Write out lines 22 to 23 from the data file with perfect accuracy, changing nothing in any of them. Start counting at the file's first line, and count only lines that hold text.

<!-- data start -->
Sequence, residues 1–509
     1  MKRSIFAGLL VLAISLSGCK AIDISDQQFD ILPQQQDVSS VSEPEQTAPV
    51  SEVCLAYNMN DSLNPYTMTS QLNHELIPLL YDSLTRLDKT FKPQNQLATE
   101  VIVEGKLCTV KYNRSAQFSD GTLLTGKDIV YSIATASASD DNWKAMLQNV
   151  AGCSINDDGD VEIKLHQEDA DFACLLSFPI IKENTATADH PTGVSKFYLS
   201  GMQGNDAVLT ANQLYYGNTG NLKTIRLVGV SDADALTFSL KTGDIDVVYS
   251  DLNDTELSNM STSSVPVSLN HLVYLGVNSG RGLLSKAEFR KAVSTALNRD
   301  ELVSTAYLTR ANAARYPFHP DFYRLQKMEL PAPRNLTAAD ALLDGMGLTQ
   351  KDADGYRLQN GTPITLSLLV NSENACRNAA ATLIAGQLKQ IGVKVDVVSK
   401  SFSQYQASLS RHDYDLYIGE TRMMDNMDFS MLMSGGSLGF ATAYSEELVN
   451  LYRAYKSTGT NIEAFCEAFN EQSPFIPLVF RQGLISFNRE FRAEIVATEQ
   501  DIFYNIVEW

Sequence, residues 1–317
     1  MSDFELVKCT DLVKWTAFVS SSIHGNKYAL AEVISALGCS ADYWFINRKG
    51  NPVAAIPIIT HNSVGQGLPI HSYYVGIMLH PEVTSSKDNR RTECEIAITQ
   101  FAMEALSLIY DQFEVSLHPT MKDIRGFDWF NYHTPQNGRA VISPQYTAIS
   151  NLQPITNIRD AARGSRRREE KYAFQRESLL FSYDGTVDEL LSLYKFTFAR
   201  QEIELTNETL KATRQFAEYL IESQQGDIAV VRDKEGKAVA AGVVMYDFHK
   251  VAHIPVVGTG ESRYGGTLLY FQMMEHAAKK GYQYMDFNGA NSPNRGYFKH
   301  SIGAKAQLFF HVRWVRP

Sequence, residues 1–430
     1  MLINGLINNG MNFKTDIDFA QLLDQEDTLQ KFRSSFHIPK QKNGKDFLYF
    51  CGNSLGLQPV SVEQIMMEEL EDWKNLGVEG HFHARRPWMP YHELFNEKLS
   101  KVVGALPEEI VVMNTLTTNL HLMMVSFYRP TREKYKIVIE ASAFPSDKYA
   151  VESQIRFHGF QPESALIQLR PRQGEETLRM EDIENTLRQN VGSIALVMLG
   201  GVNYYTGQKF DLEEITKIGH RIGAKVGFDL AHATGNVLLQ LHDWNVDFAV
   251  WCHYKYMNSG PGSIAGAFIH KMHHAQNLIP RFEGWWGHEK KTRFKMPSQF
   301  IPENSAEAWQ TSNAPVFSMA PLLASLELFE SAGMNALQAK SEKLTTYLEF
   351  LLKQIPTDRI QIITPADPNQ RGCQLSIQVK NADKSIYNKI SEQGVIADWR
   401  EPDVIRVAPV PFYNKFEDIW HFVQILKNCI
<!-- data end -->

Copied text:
     1  MLINGLINNG MNFKTDIDFA QLLDQEDTLQ KFRSSFHIPK QKNGKDFLYF
    51  CGNSLGLQPV SVEQIMMEEL EDWKNLGVEG HFHARRPWMP YHELFNEKLS